Meditate on this for a moment -
What's the difference between a person who is genuinely very useful and a person who just does useful things for people all the time because he wants to appear to be very useful?
I think there's a correct answer to this one.
Hint: It's three words.
It is impossible for anyone to survive longer than one week without drinking, yet Abdullah managed a ten-day desert crossing without finding water or brining any along. How was this possible?
the latter can be a people pleaser and does things out of a feeling of guilt. then again he could be a sociopath and so thinks he must do useful things because that's what other people do to get their sympathies. if he is useful and beneficial to society, all is well. but if what he does eventually leads to another's downfall (i.e. lets say he kills/he steals/he cheats to get what he wants) then there is something there.
but anyway, using the beliefs of the Jesuits who believe in beauty in all things and would have us believe everyone is essentially good, then i think that in essence, even if people do things to pain popularity/social acceptance then that person is a good person and he has no difference with the foremost person.
For everyday well-understood useful behavior, the "not different" answer isn't bad. But for extreme behavior out at the tails of the probability distribution there can be a pretty significant difference. Isaac Newton probably belongs on the shortlist for most useful person evah, and in his most important work he seems to have been largely motivated by things other than being useful: cussedness and curiosity and strange mystical considerations, e.g. If he had simply set out to be useful, or to appear to be useful, he probably wouldn't have ended up being as useful as he ended up being by accident.
I would have to say "Ambition and motivation".
The first person already has those qualities that the second doesn't. However the second person also has the ambition of being like the first person and the motivation to get it done.
I think the difference can boil down to a one word answer: "Commitment".
The person who is genuinely useful acts according to the needs of those they serve and will take on fulfilling those needs as an obligation.
The person who wants to 'appear' useful feels no commitment to the needs of others, but is motivated primarily by a wish for recognition. Once the desired recognition has been received, the motivation to serve vanishes, regardless of whether or not the tasks they have undertaken to perform have been completed.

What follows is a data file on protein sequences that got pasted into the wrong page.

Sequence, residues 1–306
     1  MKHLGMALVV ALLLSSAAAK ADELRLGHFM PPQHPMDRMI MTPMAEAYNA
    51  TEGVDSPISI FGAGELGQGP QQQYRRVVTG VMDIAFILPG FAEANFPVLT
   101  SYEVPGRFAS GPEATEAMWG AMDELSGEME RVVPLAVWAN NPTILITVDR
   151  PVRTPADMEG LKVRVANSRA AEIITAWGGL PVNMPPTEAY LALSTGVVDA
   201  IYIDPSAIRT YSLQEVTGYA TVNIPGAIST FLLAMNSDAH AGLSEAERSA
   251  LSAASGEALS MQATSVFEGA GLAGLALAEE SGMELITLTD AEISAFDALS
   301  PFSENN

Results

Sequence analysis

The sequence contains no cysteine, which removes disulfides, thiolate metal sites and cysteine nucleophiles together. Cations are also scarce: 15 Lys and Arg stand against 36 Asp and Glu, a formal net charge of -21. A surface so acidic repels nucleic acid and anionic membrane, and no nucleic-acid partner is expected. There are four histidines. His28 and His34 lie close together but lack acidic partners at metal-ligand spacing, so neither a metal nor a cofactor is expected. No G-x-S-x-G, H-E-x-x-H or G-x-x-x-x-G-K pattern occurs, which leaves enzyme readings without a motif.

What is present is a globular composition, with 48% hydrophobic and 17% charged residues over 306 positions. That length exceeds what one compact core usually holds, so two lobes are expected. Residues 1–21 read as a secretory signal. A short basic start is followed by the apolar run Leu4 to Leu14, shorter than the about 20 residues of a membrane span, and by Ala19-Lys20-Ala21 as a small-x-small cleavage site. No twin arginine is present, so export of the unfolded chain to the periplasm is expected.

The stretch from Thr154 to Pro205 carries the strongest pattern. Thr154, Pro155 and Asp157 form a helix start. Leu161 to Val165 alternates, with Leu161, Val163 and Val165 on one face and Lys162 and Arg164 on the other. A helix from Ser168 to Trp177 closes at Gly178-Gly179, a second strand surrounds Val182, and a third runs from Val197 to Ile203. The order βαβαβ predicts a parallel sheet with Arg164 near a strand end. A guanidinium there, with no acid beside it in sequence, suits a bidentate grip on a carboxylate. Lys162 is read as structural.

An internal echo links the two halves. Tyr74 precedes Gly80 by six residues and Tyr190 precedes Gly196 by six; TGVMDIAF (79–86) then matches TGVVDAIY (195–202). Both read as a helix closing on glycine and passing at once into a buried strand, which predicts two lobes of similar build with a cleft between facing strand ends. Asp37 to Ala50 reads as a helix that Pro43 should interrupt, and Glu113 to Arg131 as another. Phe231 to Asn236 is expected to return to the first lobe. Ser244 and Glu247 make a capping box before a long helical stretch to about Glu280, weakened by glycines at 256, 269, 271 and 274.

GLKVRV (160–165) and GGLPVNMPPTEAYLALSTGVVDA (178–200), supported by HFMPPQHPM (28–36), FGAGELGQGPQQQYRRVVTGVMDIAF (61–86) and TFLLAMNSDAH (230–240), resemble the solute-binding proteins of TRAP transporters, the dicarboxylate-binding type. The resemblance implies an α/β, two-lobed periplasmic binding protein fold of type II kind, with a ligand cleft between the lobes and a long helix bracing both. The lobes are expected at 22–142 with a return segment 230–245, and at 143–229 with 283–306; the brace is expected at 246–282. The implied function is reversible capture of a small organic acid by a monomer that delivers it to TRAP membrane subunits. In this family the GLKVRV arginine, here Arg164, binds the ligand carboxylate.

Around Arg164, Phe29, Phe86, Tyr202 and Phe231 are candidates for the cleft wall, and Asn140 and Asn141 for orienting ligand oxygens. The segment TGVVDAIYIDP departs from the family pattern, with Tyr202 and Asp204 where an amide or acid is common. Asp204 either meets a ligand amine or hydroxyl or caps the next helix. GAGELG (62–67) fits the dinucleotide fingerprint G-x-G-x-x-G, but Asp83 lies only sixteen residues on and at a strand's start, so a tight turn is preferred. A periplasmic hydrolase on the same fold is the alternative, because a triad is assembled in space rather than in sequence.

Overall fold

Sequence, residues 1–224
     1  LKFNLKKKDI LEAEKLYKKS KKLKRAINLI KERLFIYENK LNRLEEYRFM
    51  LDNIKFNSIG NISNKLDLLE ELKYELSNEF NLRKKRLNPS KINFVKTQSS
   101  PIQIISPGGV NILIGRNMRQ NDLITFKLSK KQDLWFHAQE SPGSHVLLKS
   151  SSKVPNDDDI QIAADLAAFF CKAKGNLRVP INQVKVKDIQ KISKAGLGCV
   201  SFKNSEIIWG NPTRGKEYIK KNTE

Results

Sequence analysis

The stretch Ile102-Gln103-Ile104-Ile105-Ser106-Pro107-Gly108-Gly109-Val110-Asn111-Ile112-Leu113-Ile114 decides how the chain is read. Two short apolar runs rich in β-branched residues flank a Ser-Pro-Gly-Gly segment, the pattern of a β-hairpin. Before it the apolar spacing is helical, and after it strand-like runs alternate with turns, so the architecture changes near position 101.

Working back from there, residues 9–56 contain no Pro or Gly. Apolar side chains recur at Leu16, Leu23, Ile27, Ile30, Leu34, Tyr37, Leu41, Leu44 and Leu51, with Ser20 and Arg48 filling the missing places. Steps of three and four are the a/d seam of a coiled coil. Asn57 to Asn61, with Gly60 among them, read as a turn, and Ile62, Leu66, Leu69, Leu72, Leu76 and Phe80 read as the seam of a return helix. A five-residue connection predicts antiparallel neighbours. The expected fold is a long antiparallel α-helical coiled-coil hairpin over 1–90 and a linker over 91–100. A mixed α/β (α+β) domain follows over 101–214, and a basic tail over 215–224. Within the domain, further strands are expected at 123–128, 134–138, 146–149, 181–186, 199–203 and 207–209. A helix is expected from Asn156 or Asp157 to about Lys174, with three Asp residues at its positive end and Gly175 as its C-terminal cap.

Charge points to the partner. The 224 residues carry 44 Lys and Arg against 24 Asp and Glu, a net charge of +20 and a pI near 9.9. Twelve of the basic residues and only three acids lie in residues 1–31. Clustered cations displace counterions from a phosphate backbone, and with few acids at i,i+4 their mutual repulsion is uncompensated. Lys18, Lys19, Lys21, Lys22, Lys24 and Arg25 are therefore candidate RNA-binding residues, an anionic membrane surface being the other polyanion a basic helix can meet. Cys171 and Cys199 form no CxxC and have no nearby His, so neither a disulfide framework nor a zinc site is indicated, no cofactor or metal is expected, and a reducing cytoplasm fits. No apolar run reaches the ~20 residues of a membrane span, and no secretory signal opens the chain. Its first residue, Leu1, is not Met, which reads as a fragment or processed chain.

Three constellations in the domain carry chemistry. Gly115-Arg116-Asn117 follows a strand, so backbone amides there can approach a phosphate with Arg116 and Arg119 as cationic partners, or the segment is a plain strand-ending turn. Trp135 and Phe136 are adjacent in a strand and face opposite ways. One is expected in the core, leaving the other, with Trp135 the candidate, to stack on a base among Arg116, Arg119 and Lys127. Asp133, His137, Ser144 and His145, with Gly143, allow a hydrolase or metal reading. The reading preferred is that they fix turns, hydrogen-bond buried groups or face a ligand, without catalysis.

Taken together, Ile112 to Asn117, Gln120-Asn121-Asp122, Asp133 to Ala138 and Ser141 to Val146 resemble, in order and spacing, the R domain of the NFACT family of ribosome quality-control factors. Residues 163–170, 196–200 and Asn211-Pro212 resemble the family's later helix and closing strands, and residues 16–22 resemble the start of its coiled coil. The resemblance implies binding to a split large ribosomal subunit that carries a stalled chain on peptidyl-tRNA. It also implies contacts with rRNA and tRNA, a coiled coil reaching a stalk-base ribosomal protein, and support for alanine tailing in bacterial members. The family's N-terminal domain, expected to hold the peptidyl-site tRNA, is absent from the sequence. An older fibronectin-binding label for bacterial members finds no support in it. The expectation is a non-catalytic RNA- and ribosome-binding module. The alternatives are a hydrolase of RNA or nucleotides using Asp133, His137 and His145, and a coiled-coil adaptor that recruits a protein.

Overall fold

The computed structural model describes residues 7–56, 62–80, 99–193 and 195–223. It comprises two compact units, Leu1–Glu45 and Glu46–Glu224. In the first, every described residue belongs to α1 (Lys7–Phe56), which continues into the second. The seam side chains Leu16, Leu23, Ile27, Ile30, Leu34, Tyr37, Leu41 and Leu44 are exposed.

The difference is conscious effort. Also,the genuine person has a major advantage in that his/her capacity to be helpful is greater than the person that helps in order to receive recognition. The latter is requires the fuel of praise and this fuel is consumed by conscious effort whereas the former is automatic and arguably infinite, all other things being equal. Consciously doing good for recognition isn't bad, getting to the point that motives for doing good/being helpful are subconscious and just part of who you are is something to aspire to.
The latter person just wants to appear useful. He can have other things on his mind and maybe he does not want to be useful, but he must make it look like that. Tricky one, but to me this person is not someone you can trust. Maybe he is doing those things just for fun and after a while he will stop doing it. The person who is genuine sounds more real, like someone who does things not only with the brain, but also with the heart.
"If I was more effective, what would be I doing right now?"
"If I was more intelligent, how would I approach this problem?"
Sometimes I ask myself these questions, and oftentimes I get good answers.
"If I achieve everything I set out to achieve, what would I have done? How would I have done it? What would I have done right now at this moment?"
I like that last one. Very very useful sometimes.
Something I wrestle with from time to time is whether to focus on my strengths or my weaknesses. On one hand, weaknesses often represent the lowest hanging fruit. If I'm really bad at, say, programming, a small amount of effort can radically increase my abilities. If I was excellent at programming, that same amount of effort would produce negligible results. On the other hand, time spent by a skilled programmer will create usable work, whereas time spent as a poor programmer probably won't produce anything useful.
An interesting thing to consider is that where you spend your time will define who you are as a person. A person who spends all of his time on his strengths will be a very narrowly focused person. He gets good at something and keeps hammering away at it until he's an expert. He who spends time focusing on his weaknesses will have a very broad focus. He'll be fairly good at lots of little things, but not a true expert in any.
So which is better? Well, despite the impression I give in a lot of my writing, not everything has to be extreme. This is one of those cases where an optimal path may lie somewhere in the middle.
For most of my life I've been way on the side of working on my weaknesses. I was terrible with girls, so I became a pickup artist (but quit before I got as good as people like Mystery, Style, Tyler, etc.). I made no money, so I became a professional gambler. Even though I spoke passable Spanish and Chinese, I switched to learning Japanese. I had never traveled, so I spent a year going everywhere. Whenever I saw a big weakness, I would dive into it head on. Once I cross that "decent" threshhold, I'd back off and start something new.